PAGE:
22. 24. How to find community support <ul><li>Use communities you are already in </li></ul>
  23. 25. How to find community support <ul><li>Go to the website of the application you are using </li></ul>
  24. 26. Examples of community support <ul><li> forums </li></ul><ul><li>ProjectPier forums </li></ul><ul><li>Ubuntu IRC </li></ul><ul><li>Joomla Forums </li></ul><ul><li>Joomla Wiki </li></ul><ul><li>Mailman mailing lists </li></ul><ul><li> </li></ul><ul><ul><li>Mailing lists </li></ul></ul><ul><ul><li>IRC </li></ul></ul>
  25. 27. Becoming Part of a Community <ul><li>The key to community is contribution and collaboration – a good general rule is the more you give to a community, the more you will recieve. </li></ul><ul><li>User communities really need contributions by members of all levels – this provides support for the widest range of users. </li></ul><ul><li>You can influnce the direction of the software </li></ul>
  26. 28. NPTECH examples <ul><li>NTAPs and Consulting firms getting involved in FOSS communities (Drupal, Plone, OpenACS, Joomla) </li></ul><ul><ul><li>Provide organizational support for the community </li></ul></ul><ul><ul><li>give back code and resources </li></ul></ul><ul><ul><li>get back support that helps clients </li></ul></ul><ul><ul><li>FOSS communities benefit </li></ul></ul><ul><ul><li>providers benefit </li></ul></ul><ul><ul><li>ulimately, clients benefit </li></ul></ul>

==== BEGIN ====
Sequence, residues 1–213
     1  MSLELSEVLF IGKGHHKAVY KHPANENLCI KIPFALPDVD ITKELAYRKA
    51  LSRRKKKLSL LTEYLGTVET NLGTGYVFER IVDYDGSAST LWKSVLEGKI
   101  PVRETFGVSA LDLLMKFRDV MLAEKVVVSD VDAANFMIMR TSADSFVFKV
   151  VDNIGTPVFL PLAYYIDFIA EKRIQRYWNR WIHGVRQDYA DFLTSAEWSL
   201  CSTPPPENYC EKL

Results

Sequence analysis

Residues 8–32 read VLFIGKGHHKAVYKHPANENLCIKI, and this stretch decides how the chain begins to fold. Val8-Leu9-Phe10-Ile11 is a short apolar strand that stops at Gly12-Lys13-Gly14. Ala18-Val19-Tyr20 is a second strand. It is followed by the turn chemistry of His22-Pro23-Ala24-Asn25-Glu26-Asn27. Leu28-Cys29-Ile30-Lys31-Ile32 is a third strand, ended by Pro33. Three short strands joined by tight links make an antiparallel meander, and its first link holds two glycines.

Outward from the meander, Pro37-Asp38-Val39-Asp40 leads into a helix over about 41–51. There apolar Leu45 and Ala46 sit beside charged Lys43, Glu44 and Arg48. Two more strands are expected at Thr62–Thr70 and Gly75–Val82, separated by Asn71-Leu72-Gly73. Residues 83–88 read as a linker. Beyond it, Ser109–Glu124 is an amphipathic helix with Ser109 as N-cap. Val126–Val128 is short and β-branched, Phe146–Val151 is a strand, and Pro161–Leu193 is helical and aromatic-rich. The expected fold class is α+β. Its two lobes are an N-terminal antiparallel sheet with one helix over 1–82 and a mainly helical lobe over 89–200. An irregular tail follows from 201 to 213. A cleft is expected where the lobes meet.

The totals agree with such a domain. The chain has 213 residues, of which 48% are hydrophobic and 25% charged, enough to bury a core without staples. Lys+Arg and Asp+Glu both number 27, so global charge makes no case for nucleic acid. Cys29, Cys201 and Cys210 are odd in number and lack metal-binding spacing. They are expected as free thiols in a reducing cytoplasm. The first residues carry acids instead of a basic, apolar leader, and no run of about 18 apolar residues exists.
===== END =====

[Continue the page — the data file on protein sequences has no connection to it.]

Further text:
27. 29. Rules to make it all work <ul><li>These are people who are, generally, doing this out of generosity and their own interest. Don’t treat them like you are paying them. </li></ul><ul><li>For IRC, don’t ask to ask your question – just ask it. </li></ul><ul><li>When answering others questions, a great rule is: ”be polite, be helpful.” </li></ul><ul><li>Give back as much as you can. </li></ul>
  28. 30. So what you need to know now... <ul><li>You can find helpful support for most FOSS applications </li></ul><ul><ul><li>paid support is becoming quite common </li></ul></ul><ul><ul><li>community support is very rich </li></ul></ul><ul><li>Check out the support during your evaluation process </li></ul><ul><ul><li>Read mailing list archives </li></ul></ul><ul><ul><li>lurk in IRC channels </li></ul></ul><ul><ul><li>Read forums </li></ul></ul><ul><li>Join a list/forum immediately – it’s amazing how much you can learn by osmosis, even before you have a problem </li></ul>